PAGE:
As a child, Dona Luisa and Don Gabriel were worried that Gabito would blink so much. His father came to give him a few homeopathic drops, but they hardly served. Years later, when that tic seemed to have evaporated, his mother dared to ask him: "He told me he was doing it to see things better," she said. "To remember …", he pointed out Gabriel Garcia Marquez who brought him to the world in Aracataca (Colombia) during one of the visits he made Gustavo Tatis Guerra, journalist, writer, family friend and author of The yellow flower of the conjurer (Navona People).
The book is presented this Thursday at the Casa de América in Madrid with Dasso Saldivar, author of the prologue, and Juan Cruz, just when Netflix has just announced that it will roll One hundred years of loneliness. In his pages, the author reveals family secrets and hidden keys of his work: a constant juggling between reality and invention to the author's benefit to create one of the richest literary worlds of universal literature. The witnesses of all that, their parents, used to strip GarcÃa Márquez's imaginary with a stream of reality that placed magic in its proper term.
"He had an ability to invent beyond the reality he saw. I have always said that I had two brains. Nobody takes away from me the idea that Gabito is two-headed
Don Gabriel, father of Gabo
Something that, on the other hand, enhances his inventive genius on very firm foundations. "He was the greatest liar in the world," Don Gabriel Eligio García Martínez confessed to Tatis. "He had an ability to invent beyond the reality he saw. I have always said that I had two brains. Nobody takes away from me the idea that Gabito is two-headed, "the father confessed to the author of the study. He also joined his trade as a telegrapher and writer. "He always felt some competition for that towards his son," says Tatis.
At least Don Gabriel was able to verify on the works of his son the scale of his transmutation. That mechanism that led him from reality to the invention of a lie that in turn reflected a great truth. "Nothing that García Márquez tells in his novels is false, everything is taken from that world," says Tatis.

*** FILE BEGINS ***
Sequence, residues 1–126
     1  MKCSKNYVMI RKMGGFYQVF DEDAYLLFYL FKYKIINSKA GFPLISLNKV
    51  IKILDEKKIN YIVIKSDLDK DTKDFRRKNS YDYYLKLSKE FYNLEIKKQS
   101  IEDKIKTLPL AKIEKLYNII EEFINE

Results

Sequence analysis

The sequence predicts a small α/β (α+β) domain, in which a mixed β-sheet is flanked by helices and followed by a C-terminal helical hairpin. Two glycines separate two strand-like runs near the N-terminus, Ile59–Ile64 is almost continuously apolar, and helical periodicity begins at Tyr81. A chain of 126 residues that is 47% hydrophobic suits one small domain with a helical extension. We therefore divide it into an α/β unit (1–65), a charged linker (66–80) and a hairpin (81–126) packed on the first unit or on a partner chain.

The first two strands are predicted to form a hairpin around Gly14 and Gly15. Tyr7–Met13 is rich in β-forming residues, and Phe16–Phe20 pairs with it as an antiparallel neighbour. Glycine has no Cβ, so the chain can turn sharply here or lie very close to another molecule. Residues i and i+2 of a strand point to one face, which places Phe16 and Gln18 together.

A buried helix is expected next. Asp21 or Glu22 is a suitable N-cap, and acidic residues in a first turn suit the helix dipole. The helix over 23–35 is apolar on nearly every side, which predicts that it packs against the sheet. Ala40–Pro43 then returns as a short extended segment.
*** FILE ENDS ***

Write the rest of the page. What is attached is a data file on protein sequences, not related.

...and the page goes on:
Don Gabriel read his books carefully. Not so his mother, who boasted more of having a nun daughter at home than a Nobel scion. If within his incorruptible skepticism, some benefit he wanted to get out of the award of his son was that he expected to fix the home phone. His mantra was to downplay it. So Luisa Márquez repelled the interviews, among other things, because the reporters who passed by her house were given to know more than those who had to answer.
But with Gustavo Tatis, everything was different. They treated him like someone in the family with whom he could give dinner time telling stories. One of those was the germ of Remedios the beautiful, that character of One hundred years of loneliness, which rose to heaven.
It is based, according to his mother, on a maid of the same name who escaped with her lover. When one day they asked Dona Luisa what had happened to her, she replied: "She flew away". And Gabito, present, associated the terms until converting the explanation into literature. Dona Luisa boasted of not having read the novel because all that she had lived. He was not interested in either A Chronicle of a Death Foretold, but that for a diametrically opposite reason: "Because I have suffered it."
Luisa's reasons may bother her son. But, as he had described Ursula according to his parameters, as a woman rather than in submission to God, with an attitude of combat towards him, he must have understood it. With the stories he hunted on the fly, García Márquez began to build his flag methods: "The key lies in knowing how to screw the lies", he confessed to the writer to Tatis Guerra.
The same had happened with Melquiades. He was the living portrait of his grandfather, Colonel Nicolás Márquez, a military man between alchemist and healer, fond of designing goldfish in his workshop and founding villages. Melquiades has two bases: "His grandfather and Nostradamus," says Tatis. "He told me in 1992 during the first interview I did," he adds. They had met before he went around the world with his prize in Stockholm. But then there were several who completed that first encounter. "I've given you for a book," the writer told him.
A work that Tatis has been writing since he met him the first time. Now it's done. That's The yellow flower of the conjuror. The portrait of a man who knew how to take advantage of his natural genius as a novelist between the poetic impulse and the journalist's precision. An eminent liar who upon receiving the news of his Nobel award did not hesitate to exclaim: "Shit, they believed it!".